May 8, 2018

Realtime comments on a Theory of Change

Wouldn’t it be great if, for an evaluation, you could map out the project’s theory of change and then pin the data (the answers to the evaluation questions) directly on the diagram as pop-up notes? Ideally with different colours to mark different kinds of respondent (and other data sources). You could use it interactively with respondents, and/or paste the data on later and elicit comments.

I made a mock-up.

You can interact with it here, and view the comments. If you were logged in, you could also update the diagram, add comments etc.

I made it with Realtimeboard, which is really interesting for this task. Disadvantage: There are only 3 colours for the comments.

You can also embed a diagram in a webpage, like this (you have to click on the symbol) -

It updates live, but you can’t see the comments.

nerdvana
May 7, 2018

Responses to open questions shown as tooltips in a chart

Open questions in surveys are a great idea. But often, we don’t really have time to looking at them in detail.

Here’s a suggestion to make more use of data from your open questions.

Suppose you have just implemented a survey on attitudes to public transport, which includes three groups of numerical questions on which the respondents rate the local transport system on frequency of use, convenience and value. And suppose you’d thoughtfully added an open question asking for more information on those answers.

Try making a chart with the total or mean scores on the two groups of numerical questions on the x- and y-axes, and add the answers to the open question as a third column to give the tooltips. Something like this.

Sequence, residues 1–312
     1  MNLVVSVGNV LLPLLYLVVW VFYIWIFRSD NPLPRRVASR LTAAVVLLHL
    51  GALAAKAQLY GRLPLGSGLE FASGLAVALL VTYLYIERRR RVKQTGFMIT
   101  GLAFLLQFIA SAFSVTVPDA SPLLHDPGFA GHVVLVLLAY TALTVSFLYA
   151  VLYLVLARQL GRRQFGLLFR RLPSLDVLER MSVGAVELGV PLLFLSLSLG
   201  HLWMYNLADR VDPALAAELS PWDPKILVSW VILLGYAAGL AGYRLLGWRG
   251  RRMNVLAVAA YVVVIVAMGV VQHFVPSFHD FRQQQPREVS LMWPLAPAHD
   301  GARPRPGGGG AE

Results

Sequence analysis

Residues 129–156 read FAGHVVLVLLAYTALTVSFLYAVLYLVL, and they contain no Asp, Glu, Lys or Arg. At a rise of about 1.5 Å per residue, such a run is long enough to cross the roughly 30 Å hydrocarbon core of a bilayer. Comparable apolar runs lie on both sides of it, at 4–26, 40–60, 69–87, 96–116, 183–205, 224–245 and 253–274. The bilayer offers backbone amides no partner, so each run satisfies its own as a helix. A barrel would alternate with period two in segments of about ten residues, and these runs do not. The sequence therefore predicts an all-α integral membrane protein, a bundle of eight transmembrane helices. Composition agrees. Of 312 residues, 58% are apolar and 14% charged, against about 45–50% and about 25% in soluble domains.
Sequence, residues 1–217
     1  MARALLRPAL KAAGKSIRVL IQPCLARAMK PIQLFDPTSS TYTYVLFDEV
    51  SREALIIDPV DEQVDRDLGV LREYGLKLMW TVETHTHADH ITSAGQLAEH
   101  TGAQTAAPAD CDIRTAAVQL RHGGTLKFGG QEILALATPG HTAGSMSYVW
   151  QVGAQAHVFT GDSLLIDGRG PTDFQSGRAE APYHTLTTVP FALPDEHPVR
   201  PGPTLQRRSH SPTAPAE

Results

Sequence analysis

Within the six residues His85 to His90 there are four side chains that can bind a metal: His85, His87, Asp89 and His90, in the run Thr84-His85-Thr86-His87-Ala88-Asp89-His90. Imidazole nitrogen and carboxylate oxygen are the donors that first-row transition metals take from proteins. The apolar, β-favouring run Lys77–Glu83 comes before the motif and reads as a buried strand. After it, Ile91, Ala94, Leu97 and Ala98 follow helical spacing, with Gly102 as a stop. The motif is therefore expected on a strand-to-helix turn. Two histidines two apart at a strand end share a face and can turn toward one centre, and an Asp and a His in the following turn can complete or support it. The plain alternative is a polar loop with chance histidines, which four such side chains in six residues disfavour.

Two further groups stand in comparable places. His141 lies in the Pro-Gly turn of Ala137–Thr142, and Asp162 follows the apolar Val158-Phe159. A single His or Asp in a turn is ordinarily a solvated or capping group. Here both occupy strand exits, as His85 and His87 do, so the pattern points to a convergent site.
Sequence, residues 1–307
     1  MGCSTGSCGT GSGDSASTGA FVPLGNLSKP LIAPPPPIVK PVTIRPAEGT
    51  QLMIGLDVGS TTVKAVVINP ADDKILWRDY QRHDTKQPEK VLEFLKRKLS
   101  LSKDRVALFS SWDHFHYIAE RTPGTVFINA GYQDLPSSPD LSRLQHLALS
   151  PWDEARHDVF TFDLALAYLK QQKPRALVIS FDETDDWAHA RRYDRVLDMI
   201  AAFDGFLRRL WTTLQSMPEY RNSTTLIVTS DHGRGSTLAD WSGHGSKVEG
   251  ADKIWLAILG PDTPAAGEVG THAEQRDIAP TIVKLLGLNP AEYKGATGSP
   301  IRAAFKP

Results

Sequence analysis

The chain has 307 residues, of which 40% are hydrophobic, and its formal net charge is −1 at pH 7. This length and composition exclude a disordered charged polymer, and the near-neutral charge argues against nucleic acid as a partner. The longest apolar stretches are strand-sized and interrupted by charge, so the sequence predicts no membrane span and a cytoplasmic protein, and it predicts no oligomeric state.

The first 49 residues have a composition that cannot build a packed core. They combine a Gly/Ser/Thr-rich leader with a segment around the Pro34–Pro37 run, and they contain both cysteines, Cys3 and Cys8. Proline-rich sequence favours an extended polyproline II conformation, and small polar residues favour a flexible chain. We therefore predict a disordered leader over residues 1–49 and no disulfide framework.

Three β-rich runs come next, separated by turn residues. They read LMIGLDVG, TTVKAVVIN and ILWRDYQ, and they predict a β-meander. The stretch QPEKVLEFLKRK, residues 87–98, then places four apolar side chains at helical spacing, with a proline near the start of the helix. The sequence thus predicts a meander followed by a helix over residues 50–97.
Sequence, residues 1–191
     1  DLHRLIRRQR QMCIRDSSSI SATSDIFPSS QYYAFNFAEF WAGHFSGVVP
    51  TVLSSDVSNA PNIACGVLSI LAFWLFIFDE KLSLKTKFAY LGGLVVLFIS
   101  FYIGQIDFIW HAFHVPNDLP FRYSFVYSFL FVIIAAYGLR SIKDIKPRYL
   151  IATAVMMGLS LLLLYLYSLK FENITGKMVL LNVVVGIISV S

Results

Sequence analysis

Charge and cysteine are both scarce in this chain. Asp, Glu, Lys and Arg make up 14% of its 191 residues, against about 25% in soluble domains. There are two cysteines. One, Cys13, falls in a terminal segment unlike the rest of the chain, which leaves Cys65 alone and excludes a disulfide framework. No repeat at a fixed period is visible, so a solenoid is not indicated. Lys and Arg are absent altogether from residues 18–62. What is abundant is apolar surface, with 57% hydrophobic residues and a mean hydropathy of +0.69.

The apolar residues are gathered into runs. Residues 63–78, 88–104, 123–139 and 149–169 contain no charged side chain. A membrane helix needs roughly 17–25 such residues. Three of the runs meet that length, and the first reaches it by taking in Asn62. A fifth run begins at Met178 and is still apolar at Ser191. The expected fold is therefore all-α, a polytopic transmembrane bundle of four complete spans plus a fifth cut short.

It encourages the reader to look more closely at individuals who are extreme in one way or the other … who are the people who think the system is convenient but too expensive? And what about the typical” people in the middle?

The easiest way to do this is probably in in Tableau Public - look here.

I also tried the same trick in Google Fusion Tables: here’s the template, you can copy it and adjust it to your needs. The chart above is produced live from the Fusion Table. You can do something similar in Excel, but you have to publish the workbook as an Excel macro-enabled file, which might scare some people. Of course, you can add other columns too, for example to show gender using colours. However, it doesn’t seem to be maintained any more.

Sensemaker® uses some ideas like this too.

With Google charts it is not too difficult to construct the html, but it isn’t so easy to connect the html version to a database, e.g. a Google sheet. in the point-and-click version, when you embed a chart within a Google sheet, data connection is trivial but you can’t customise the tooltips.

code
March 21, 2018

Examples of trivial graph format

Examples of trivial graph format. Can be imported by yED.

The simplest version is this:

one two label for edge from one to two
three four another label on the other edge
one three

etc.

This version allows you to have longer node labels: (a list of nodes followed by a list of edges, separated by #”).

one   the label for one
two   the label for two
#
one   two label for edge from one to two
three four another label on the other edge
one   three

(you don’t have to line up the labels as I have here, you can just have a one-space gap, but it looks nicer)

or

1      goal
1.1    outcome one
1.1.1  activity one
1.2    outcome two
1.2.1  activity two
#
1.1    1
1.1.1  1.1
1.2    1
1.2.1  1.2
tgf tech



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